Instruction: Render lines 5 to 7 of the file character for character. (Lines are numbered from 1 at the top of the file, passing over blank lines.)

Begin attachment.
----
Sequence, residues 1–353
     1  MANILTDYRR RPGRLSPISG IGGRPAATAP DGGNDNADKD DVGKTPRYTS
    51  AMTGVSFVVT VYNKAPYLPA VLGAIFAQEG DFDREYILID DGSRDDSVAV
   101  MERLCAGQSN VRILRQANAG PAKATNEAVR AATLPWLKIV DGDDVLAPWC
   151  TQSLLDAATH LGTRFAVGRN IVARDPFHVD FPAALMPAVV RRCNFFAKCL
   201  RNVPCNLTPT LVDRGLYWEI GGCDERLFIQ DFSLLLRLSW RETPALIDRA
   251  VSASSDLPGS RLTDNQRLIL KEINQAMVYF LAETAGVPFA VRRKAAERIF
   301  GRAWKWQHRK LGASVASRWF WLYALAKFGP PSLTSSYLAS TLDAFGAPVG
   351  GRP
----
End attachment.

   151  TQSLLDAATH LGTRFAVGRN IVARDPFHVD FPAALMPAVV RRCNFFAKCL
   201  RNVPCNLTPT LVDRGLYWEI GGCDERLFIQ DFSLLLRLSW RETPALIDRA
   251  VSASSDLPGS RLTDNQRLIL KEINQAMVYF LAETAGVPFA VRRKAAERIF